have a thing at that point, my money burnt down, my money burnt in the apartment, my
clothes burnt, I didn't have anything and so $100 was a lot of money and one, I was
afraid the police were going to take it from me because I needed it and two, it scared
me because basically that card said to leave town.
Right, and it's coming to your, the way you remember it, it's coming to your new apartment.
This is not the way I remember it, it's a fact, it came to my new apartment because
that lady brought it to me from upstairs and I didn't, nobody really knew I was at that
apartment, that was quick.
And then you reported that to the police.
Oh, right away because I was scared and that's what kind of, it was like a fleeting thought
for a second because I thought they were going to take that money from me and I wanted it
and then, but I was also scared.
Yeah, and they gave it back to you, right?
Yeah, I think so.
So I want to show you something that might ease your mind when it comes to the card because
we were able to get a lot of the evidence in the case.
So we actually have the police report about the card.
We have all of it.
I just have to call this up.
So this is like nine pages, so I just want you to read it and if you can feel free to
read it out loud or if Rick wants to like go around the back.
Would you please deliver this card?
So is that it?
I mean, you can go through the pages, like it has a picture of the money, it has a picture
of the cards.
If you want to scroll down, I can show you how to scroll down.
Oh, she scrolled all the way down?
Oh, she scrolled all the way down?
Where's the written part inside of the card?
It just sort of says Merry Christmas.
There's no mention of there being like this written part that like was threatening.
In the case file, the card was inside an envelope with Michelle's name on it.
It was sent to the house of Lee Stinson, Michelle's boss at Foster's.
Lee, would you please deliver this card?
And note inside said, that's not, that's not, that's not the card.
There was something written inside.
That's not how I remember that.
Because why would I be afraid of, why would I be afraid of $20 bills in a Christmas card?
That's not how I, this came to my house though.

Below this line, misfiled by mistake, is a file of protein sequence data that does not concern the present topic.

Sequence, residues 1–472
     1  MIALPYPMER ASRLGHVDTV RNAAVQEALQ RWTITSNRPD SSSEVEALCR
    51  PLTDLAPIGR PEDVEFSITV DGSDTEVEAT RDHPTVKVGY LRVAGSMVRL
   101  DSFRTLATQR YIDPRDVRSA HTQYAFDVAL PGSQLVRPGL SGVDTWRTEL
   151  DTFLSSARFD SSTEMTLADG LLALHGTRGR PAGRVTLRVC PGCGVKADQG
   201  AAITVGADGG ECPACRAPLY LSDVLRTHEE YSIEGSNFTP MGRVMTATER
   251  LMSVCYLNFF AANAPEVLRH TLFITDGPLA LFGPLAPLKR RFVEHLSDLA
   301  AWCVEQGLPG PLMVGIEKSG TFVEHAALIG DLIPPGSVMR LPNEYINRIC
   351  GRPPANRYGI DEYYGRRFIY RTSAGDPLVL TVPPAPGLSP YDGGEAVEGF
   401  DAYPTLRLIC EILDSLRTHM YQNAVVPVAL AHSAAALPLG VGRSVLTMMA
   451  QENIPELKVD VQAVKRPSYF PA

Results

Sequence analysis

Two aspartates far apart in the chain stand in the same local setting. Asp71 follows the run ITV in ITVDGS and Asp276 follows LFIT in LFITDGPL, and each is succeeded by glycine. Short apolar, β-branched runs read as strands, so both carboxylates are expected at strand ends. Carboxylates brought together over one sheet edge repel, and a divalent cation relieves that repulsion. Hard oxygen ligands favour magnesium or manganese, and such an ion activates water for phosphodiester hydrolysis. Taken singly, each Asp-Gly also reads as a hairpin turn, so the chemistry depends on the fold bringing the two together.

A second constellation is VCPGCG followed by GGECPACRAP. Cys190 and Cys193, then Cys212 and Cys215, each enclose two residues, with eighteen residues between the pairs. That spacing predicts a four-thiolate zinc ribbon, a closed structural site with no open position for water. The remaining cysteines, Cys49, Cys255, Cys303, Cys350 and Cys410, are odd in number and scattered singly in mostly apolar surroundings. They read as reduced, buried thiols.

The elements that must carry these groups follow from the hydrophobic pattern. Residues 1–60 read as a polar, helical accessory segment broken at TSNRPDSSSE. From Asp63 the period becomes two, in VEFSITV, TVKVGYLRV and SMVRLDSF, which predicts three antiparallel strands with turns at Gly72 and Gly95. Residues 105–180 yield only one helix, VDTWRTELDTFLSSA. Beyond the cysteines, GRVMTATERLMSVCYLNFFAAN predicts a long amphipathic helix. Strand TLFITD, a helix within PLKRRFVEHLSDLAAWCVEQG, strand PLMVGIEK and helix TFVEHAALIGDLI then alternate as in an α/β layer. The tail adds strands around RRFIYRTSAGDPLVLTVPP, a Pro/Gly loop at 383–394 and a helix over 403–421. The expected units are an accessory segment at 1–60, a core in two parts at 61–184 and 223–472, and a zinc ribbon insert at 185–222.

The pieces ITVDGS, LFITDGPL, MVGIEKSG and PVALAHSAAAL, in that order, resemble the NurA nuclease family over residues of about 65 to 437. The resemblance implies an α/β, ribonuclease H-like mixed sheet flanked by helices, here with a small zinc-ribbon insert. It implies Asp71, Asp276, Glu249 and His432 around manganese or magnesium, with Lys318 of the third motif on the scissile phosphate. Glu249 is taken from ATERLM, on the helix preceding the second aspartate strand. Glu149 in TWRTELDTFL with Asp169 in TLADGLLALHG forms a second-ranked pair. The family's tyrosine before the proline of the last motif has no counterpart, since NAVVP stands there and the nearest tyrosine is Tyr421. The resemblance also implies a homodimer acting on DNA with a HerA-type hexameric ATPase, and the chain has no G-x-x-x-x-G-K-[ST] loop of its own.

That, wow, that's not how I remember that.
Do you think it's possible, like, and I'm just asking this, Rick, Rick knows this.
Like, do you think it's like the whole idea that your memory can betray you a little bit?
But that's just almost mind boggling to me.
I just don't, how could for the past 37 years, I was afraid of this card.
I don't, I just, my mind is blown right now.
I just don't, there was something written inside.
It wasn't Merry Christmas.
It wasn't, it wasn't that.
I just don't, I feel like there's another card, like there was another one.
I, I don't know what to say.
And is it blowing your mind because the memory is so vivid?
Yeah, yeah, because I feel like I remember that.
And I, and Lee and I were so close.
I went to be afraid of Lee handing me something.
I don't feel like I remember it that way.
You know, could there have been two cards?
I don't know.
But I, I kind of felt like I will sometimes remember things in a way that's like different
than what my, you know, different, especially when you're young and especially when something,
this formative happens when you're young.
Um, it doesn't surprise me that, that my mind thought that and, and, and now, now that I'm
sitting with it a little bit, I believe you, I believe you, I'm, I believe what you showed
me, that there wasn't two cards and that my scared brain was so traumatized and felt like
that I just, I don't know, maybe I felt like I needed an excuse to go home, that I had
to allow myself an excuse to go home and maybe telling my dad that I got a card and now I
have to go home.
I'm not sure what I'm trying to figure out now.
It'll take me a while to figure out why I, why I believe that, um, I think somebody just
wanted you to have some money.
I think so, it would just be a nice, yeah, I think you're right.
I walked Michelle through the physical evidence in the police files and now some of the things
she and others told me originally didn't quite line up like Fred's truck was never actually
seen near the matchbook where Michelle thought it was found.
Fred's thumbprint wasn't found on the matchbook either.
And there's no evidence that he cut the phone lines.
There were other smaller things too, like the window screens.
Michelle remembered that Fred would offer to put her and Shelly's window screens back
in when they fell out.
She figured he was the one taking them out in the first place.